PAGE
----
Journey Through the West – August 2016
Our ultimate destination was Crestone, CO, where I was scheduled to attend a retreat. We gave ourselves a week to get there, a week to stay, and a week to return home. This would be our longest trip in the NEW IMPROVED remodeled camper. It features more head room, new windows, greater counter space, a small table and a padded bench.
We spent our first night at the summer residence of an old friend of Chris’s in the Sierra Nevada Mountains near Sattley California. Her home doubles as a retreat center and I wanted to see it if it might be a suitable location to host a nature-based meditation retreat in 2017 for Bloom of the Present. A lovely place, with green lawn, a small pond, an indoor swimming pool and hot tub, space for group meeting, a modern attractive kitchen. Yes, definitely a good possibility!
During the ride back to Truckee the next day we passed mountain forests interspersed with cattle ranches. In one grassy field I noticed, to my surprise, that instead of livestock, there were numerous large dark birds with long downward curved beaks. I immediately recognized these to be ibises. But I had only previously seen them along the Atlantic and Gulf Coast as wading birds. What were they doing in these high – 6,000+ feet – dry mountains of California? They were actively poking the ground for food, insects I assume.
I insisted that Chris stop and back up. Hurriedly grabbing my DSLR camera I jumped out of the truck. I had the wrong lens. I fished out my smaller bridge camera but I couldn’t make it work. Flustered, I exchanged my wide angle lens for a telephoto on my first camera. But by then the birds had begun to disperse and only a few remained at an inconvenient distance. A mile down the road, we passed another dense flock of these white-faced ibises, as they greedily hunted food in a muddy pasture. I now regret not stopping for another photo shoot.
After dillydallying in Truckee (something we are very good at) – Starbucks, Internet, thrift shop, lunch – we finally headed east on Route 80 toward Nevada. I had picked out Angel Lake near Wells, NV as a possible destination but it was clear we wouldn’t get that far with our late start. So I chose Water Canyon Recreation Area near Winnemucca as a reasonable alternative. Campsites were free and many were shaded by large trees that grew from the damp soil of the small creek that cut through the desert canyon.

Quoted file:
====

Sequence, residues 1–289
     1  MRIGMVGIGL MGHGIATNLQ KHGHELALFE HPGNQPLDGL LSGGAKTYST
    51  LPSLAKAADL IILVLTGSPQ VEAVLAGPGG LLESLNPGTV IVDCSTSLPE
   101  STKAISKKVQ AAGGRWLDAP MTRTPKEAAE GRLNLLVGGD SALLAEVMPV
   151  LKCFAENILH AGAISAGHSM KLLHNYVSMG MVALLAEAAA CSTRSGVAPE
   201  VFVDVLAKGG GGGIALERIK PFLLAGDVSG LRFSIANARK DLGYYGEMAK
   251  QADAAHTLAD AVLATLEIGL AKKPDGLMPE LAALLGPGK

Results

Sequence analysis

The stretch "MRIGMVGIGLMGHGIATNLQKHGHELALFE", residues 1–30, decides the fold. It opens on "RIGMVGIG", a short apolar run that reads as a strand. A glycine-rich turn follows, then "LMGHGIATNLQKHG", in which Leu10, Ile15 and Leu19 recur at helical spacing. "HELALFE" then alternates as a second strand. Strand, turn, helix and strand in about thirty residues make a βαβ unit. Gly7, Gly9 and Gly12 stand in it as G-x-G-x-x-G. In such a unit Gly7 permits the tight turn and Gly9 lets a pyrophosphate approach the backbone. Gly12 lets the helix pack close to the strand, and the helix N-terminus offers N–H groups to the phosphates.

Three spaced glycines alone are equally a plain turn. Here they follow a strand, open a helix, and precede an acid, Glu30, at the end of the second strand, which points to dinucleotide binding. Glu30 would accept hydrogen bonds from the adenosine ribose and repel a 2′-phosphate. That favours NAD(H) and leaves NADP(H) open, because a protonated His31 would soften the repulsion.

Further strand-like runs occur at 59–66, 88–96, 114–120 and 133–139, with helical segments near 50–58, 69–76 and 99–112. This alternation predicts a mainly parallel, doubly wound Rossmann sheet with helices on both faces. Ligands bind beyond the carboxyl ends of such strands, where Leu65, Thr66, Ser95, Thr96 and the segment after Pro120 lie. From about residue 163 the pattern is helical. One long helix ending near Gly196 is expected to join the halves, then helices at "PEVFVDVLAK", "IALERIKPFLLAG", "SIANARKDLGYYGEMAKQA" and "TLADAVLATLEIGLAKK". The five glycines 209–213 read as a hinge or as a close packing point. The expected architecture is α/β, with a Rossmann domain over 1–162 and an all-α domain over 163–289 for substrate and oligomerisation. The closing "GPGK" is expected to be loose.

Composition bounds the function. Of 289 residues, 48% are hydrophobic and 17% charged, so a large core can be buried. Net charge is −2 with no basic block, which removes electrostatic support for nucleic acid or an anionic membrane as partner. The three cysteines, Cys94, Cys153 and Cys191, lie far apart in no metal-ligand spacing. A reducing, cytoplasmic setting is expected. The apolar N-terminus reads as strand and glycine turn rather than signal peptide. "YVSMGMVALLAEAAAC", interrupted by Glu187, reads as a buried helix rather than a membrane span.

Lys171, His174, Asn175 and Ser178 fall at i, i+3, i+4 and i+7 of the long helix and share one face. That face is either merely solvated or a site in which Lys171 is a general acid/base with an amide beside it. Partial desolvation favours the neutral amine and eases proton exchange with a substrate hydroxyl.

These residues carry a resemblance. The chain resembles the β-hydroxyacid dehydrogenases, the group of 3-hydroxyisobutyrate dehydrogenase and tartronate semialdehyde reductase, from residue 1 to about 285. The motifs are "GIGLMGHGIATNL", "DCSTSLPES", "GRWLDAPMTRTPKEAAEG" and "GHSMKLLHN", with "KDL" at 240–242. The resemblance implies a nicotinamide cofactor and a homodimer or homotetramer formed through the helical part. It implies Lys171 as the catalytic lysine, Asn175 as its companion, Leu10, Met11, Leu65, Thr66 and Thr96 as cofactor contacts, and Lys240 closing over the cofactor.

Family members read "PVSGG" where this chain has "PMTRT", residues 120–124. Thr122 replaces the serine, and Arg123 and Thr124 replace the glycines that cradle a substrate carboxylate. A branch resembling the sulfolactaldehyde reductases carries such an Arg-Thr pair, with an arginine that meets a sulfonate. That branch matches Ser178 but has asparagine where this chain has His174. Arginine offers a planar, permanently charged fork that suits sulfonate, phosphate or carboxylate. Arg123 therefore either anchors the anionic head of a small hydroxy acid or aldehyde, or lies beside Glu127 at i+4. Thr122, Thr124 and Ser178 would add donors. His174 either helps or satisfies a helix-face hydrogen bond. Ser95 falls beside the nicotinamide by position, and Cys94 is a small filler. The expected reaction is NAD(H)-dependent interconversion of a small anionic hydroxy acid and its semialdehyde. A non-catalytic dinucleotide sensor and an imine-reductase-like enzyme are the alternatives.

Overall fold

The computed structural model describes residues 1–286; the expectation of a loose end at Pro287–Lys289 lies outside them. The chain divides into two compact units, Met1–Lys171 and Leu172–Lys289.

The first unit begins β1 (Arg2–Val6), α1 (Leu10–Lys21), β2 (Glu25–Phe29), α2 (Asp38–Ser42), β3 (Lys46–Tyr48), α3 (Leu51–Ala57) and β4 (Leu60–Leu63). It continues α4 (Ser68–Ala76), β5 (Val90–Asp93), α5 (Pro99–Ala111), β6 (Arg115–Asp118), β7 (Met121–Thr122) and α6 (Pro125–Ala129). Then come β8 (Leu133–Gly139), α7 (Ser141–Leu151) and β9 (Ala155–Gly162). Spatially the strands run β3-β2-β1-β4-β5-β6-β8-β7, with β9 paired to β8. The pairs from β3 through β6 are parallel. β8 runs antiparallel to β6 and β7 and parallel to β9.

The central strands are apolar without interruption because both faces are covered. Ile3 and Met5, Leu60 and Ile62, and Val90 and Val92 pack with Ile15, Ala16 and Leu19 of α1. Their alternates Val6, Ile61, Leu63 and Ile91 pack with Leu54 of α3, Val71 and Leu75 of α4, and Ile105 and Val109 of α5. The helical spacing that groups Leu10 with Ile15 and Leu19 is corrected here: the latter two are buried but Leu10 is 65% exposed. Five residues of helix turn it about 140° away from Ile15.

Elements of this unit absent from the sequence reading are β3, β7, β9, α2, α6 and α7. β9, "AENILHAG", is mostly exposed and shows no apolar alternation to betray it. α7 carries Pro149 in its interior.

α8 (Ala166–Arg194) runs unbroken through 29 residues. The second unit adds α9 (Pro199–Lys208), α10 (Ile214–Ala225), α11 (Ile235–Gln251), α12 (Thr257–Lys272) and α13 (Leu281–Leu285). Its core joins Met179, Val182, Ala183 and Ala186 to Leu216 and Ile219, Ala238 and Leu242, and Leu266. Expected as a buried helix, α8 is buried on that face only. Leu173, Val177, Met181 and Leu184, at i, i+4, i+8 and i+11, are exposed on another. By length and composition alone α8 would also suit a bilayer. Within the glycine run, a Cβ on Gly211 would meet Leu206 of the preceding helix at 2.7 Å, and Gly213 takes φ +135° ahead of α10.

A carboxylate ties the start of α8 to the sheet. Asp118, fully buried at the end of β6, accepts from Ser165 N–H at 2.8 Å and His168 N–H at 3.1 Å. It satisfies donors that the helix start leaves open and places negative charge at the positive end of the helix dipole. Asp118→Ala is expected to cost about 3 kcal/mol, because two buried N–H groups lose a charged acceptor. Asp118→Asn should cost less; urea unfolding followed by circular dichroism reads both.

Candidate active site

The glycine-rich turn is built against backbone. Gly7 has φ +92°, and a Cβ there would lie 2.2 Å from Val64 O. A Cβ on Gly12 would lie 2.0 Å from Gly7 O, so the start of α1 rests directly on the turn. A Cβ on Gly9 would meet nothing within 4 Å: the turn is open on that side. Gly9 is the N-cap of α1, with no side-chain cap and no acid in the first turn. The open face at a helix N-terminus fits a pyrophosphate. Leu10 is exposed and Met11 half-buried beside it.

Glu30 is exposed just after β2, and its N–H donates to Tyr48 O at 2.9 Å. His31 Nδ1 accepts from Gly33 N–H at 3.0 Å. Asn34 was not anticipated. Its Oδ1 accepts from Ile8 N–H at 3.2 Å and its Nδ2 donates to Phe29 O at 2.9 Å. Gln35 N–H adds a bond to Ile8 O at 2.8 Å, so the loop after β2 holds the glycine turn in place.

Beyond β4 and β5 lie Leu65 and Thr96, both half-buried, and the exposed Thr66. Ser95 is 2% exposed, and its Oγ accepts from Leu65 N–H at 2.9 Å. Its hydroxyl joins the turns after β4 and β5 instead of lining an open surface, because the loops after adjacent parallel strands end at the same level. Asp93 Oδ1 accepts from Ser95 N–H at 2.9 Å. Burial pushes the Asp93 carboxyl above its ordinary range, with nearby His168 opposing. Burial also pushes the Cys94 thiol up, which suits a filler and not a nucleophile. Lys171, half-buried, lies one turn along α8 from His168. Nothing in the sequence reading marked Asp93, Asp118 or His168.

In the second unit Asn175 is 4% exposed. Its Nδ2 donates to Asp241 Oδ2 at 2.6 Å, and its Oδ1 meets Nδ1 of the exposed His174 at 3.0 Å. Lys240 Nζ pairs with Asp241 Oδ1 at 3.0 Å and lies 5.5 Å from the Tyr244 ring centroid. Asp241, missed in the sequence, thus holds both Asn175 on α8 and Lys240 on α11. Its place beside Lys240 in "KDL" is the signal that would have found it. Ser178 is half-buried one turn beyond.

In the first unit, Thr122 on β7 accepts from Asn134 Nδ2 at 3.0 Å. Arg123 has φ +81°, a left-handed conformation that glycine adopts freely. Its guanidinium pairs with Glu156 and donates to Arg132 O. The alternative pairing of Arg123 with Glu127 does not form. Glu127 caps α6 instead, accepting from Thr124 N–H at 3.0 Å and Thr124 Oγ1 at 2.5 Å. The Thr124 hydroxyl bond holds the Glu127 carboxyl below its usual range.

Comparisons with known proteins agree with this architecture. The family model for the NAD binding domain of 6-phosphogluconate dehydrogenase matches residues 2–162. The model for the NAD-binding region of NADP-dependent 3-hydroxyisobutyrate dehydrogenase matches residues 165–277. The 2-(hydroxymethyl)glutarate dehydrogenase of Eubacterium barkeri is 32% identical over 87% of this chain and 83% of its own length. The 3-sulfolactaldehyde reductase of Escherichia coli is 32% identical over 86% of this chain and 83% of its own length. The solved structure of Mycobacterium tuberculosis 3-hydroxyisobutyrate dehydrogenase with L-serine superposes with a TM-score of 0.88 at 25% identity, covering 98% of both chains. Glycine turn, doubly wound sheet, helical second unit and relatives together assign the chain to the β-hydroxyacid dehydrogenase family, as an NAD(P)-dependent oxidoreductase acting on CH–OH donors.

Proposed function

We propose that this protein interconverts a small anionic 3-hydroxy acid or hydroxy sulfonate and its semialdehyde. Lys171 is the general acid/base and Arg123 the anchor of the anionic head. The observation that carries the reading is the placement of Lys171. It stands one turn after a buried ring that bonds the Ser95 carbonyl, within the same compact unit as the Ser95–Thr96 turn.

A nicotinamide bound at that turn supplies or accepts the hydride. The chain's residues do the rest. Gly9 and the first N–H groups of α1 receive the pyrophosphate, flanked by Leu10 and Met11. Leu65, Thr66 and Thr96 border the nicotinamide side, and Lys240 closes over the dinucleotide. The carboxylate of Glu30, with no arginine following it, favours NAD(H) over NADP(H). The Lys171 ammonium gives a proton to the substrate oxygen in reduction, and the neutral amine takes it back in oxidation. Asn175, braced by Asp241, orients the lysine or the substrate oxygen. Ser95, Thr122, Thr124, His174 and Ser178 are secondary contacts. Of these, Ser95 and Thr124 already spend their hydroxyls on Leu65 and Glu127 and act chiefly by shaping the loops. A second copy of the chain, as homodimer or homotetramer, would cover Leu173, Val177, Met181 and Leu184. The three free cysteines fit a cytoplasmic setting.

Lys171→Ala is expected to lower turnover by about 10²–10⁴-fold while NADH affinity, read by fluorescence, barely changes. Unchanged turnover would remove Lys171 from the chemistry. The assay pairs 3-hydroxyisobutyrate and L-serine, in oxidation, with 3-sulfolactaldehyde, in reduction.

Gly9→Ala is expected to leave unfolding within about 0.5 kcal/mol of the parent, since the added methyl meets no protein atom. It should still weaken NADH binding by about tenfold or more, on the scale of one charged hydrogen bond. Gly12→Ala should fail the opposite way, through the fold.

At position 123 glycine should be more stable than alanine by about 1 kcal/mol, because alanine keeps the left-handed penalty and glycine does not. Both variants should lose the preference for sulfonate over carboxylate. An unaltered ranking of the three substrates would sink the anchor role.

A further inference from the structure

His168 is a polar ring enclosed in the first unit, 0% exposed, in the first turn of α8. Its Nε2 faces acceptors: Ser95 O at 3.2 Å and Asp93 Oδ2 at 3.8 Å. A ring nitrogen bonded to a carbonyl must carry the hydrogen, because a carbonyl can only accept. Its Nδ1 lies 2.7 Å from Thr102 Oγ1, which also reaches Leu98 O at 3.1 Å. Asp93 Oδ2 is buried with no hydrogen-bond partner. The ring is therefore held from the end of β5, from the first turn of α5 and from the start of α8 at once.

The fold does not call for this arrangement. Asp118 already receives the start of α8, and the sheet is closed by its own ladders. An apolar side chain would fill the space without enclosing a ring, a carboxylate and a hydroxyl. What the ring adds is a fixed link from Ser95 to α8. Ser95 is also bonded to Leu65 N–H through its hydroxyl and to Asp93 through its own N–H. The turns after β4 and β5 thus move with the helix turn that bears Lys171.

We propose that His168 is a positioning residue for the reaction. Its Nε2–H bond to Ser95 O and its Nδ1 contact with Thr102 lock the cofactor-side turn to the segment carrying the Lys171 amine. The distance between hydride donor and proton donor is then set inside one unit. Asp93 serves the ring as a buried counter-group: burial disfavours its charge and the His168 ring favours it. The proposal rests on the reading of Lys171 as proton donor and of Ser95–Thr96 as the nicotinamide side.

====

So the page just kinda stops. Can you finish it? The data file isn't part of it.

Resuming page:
That night was the peak of the annual August Perseid meteor shower so I got the idea to try my hand at some astrophotography. I knew the basic principles but I did not have the ultra wide angle lens that is suggested. There were a few other obstacles, too. We were closed in a canyon and the moon was half full, brightening the sky. There was also an ambient glow from the town of Winnemucca. We witnessed plenty of shooting stars with our naked eyes, but they seemed to avoid falling whenever I released the shutter. I caught a few faint trails but nothing of much interest. Standing in the quiet warm dark air with camera and tripod I became inspired to play with “light painting,” shining my flashlight on trees, shrubs and hillside to create a mysterious luminous effect. Chris got into the act and I photograph him drawing lines and patterns with his red flashlight. (See below.)
We stayed there another night, in part to recover from the overwhelming multi-day effort it had taken to complete everything to get on the road in the first place. I was pretty tired and spent much of the day in my hammock, rising occasionally to wander and see what appeared nearby. Grand views and dramatic sights are great but I am often more intrigued by small intimate discoveries close at hand. I watched the reflection of leaf light in the small stream and the dance of the water striders on the green surface. They are sometimes called Jesus bugs because of their ability to walk on water.
I also witnessed a bird use the top bare branches of the tree above me as a base from which to dart out and snatch insects buzzing by. The species was unfamiliar to me. It was dark with rose red patches on breast and face. It was behaving like a flycatcher but it’s call was all woodpecker. My birding app finally identified it as a Lewis’s Woodpecker, a new bird for me. My lens was inadequate for a close-up but I still took a few photos, capturing it in various gestures of flight.
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